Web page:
On Election Day, Oklahomans will decide whether to ban cockfighting, North Dakotans will choose whether to pay young adults to live in their state, and Oregon voters will decide whether to allow non-dentists to install partial dentures.
Over 200 ballot questions will be resolved in 40 states-53 from citizen initiatives and 149 in referenda placed on the ballot by state legislatures and governors.
This years ballot initiatives generally lean left. Conservatives, however, have gotten some proposals on the ballot to, for example, limit bilingual education and ban homosexual "marriage." Here is a very brief survey of some of the more significant proposals.
Oregons Measure 23 would abolish private health insurance in the state in favor of a statewide single-payer public health system, much like Hillary Clintons socialized health care plan defeated in 1994. Measure 23 is even more radical, though, because nearly every conceivable form of care-including marriage counseling-would be included under state-reimbursed coverage. Both public- and private-sector unions have come out against Measure 23, as has the states leading daily, the Oregonian.
Measure 23 could cost as much as $20 billion per year-more than the states current total budget of $16 billion. A recent poll for the Portland Tribune nonetheless found a tight race: 39% opposed, 36% in favor, and 25% undecided.
Nevadas Question 2 says, "Only a marriage between a male and female person shall be recognized and given effect in this state." This measure is expected to pass for the second time (it passed with more than 70% of the vote in 2000), making it a permanent part of the state constitution.
Massachusettss voters were denied a chance to vote on a similar referendum. Although all the legal requirements had been fulfilled to put the measure on the ballot, Senate President Tom Birmingham deliberately blocked it by ending the legislative session prematurely.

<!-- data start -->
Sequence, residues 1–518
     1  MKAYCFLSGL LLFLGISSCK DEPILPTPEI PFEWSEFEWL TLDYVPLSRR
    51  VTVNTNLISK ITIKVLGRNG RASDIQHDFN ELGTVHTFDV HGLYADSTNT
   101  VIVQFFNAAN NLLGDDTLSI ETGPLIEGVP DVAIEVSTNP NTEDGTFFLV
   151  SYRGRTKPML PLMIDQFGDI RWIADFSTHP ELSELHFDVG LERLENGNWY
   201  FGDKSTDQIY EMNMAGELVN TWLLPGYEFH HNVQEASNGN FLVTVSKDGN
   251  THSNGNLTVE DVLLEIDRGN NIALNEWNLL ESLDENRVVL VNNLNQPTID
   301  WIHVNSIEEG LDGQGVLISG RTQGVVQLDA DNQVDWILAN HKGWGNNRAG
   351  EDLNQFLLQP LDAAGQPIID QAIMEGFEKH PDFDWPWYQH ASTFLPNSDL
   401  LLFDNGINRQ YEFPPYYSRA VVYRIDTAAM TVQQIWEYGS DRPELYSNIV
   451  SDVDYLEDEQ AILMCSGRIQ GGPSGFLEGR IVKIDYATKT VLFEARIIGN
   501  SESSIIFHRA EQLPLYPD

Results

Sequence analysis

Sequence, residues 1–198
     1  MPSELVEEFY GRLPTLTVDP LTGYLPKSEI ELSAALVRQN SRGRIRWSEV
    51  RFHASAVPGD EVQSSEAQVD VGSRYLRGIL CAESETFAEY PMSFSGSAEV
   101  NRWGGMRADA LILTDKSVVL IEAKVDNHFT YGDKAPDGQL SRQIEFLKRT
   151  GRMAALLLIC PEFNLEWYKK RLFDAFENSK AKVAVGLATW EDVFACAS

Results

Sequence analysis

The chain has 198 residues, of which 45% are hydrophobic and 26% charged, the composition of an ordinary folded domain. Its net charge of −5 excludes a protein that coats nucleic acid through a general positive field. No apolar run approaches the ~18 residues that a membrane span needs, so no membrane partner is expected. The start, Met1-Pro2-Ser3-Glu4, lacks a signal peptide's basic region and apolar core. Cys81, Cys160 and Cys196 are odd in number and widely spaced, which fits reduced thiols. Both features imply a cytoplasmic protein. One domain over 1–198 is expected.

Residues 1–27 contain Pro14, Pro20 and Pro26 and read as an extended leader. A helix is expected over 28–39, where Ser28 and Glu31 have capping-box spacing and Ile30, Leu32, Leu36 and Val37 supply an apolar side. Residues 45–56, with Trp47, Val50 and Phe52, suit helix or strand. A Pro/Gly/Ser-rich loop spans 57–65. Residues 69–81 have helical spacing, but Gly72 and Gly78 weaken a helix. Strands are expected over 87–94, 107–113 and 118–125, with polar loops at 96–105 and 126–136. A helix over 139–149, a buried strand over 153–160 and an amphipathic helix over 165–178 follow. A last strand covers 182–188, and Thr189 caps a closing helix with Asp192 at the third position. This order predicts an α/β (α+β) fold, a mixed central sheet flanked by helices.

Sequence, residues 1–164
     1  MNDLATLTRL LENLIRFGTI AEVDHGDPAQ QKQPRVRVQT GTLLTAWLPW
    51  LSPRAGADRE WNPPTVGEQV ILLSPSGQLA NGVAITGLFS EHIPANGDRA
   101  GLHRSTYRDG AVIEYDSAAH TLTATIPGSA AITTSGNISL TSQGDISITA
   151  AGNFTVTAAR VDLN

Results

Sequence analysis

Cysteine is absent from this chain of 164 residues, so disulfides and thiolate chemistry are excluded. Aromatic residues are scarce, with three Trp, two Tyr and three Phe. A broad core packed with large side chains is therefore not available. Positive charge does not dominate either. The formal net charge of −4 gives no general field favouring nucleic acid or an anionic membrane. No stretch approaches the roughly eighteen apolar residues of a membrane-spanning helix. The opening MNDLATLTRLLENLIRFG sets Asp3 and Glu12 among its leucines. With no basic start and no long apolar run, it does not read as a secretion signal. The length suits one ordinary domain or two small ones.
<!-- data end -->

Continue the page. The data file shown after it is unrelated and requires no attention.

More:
Save North Dakota
North Dakota Measure 1 would repay up to $5,000 of student debt for employed state residents under age 30, and provide up to $5,000 more in tax credits over five years. It is designed to attract young people to a state losing population.
Florida Measure 8 would mandate pre-kindergarten programs and Measure 9 would mandate public school class sizes of 25 or less. It is estimated the latter would cost $27 billion over 10 years. Gov. Jeb Bush (R.), in a tough re-election battle, opposes Measure 9. Nonetheless, polls suggest that both measures will pass.
Californias Proposition 49 would mandate $400 million in new spending every year on before- and after-school programs. Kindergarten Cop star, and aspiring Republican politician, Arnold Schwarzenegger has put all of his influence and $1 million of his money behind it. California sources tell HUMAN EVENTS he has chosen an easy ballot winner to boost his profile for a 2006 Republican gubernatorial campaign.
Colorado and Massachusetts voters will consider a ballot measure that passed in California in 1998 and Arizona in 2000: the rejection of so-called "bilingual education" for foreign-born students, in favor of English immersion, unless parents request an exemption. The Massachusetts measure, Question 2, is expected to pass overwhelmingly.
A new poll shows Colorados measure, Amendment 31, trailing, 37% to 43%. This is partly because conservative Republican Gov. Bill Owens has come out in opposition. Owens objects to a provision in the Colorado version of the initiative that allows students to be waived into bilingual education and then gives parents broad rights to sue school officials if they are dissatisfied with the results. "Its a shame that such a worthy goal to help Colorados children is being sidetracked by unnecessary language that, ultimately, is a fatal flaw," Owens said October 2.
Nevada Question 9 would legalize possession of marijuana in quantities of three ounces or less for adults over age 21. The so-called "reefer-endum" is running neck and neck in the polls. Arizona Proposition 203 would legalize "medical" marijuana. It is expected to pass over objections from federal Drug Czar Asa Hutchinson.
South Dakota Measure 1 would legalize industrial hemp, giving legal cover to thousands of pot growers. Amendment A would allow defendants to contest "the merits, validity, and applicability of the law" in court, tempting jurors to nullify drug laws.
Missouri voters will consider a 50-cent tax hike on cigarettes and a 20% increase on other tobacco products. This cleverly-worded amendment is likely to pass, since it claims the funds will be used for "prescription drug assistance for seniors and health care initiatives for low-income citizens, women, minorities and children," as well as a host of other compassionate-sounding causes.
Washington State voters are weighing several tax hikes. Measure 53 would shift the income tax schedule and impose new fees on employers and taxpayers. Measure 776 would replace local car taxes with a state car tax of $30 per year, and Referendum Bill 51 would increase weight fees on trucks and large vehicles, fuel excise taxes, and sales taxes on vehicles.
In the suburbs of Washington, D.C., nine northern Virginia jurisdictions will vote on a half-cent sales tax hike, supposedly to fund transportation projects in the area.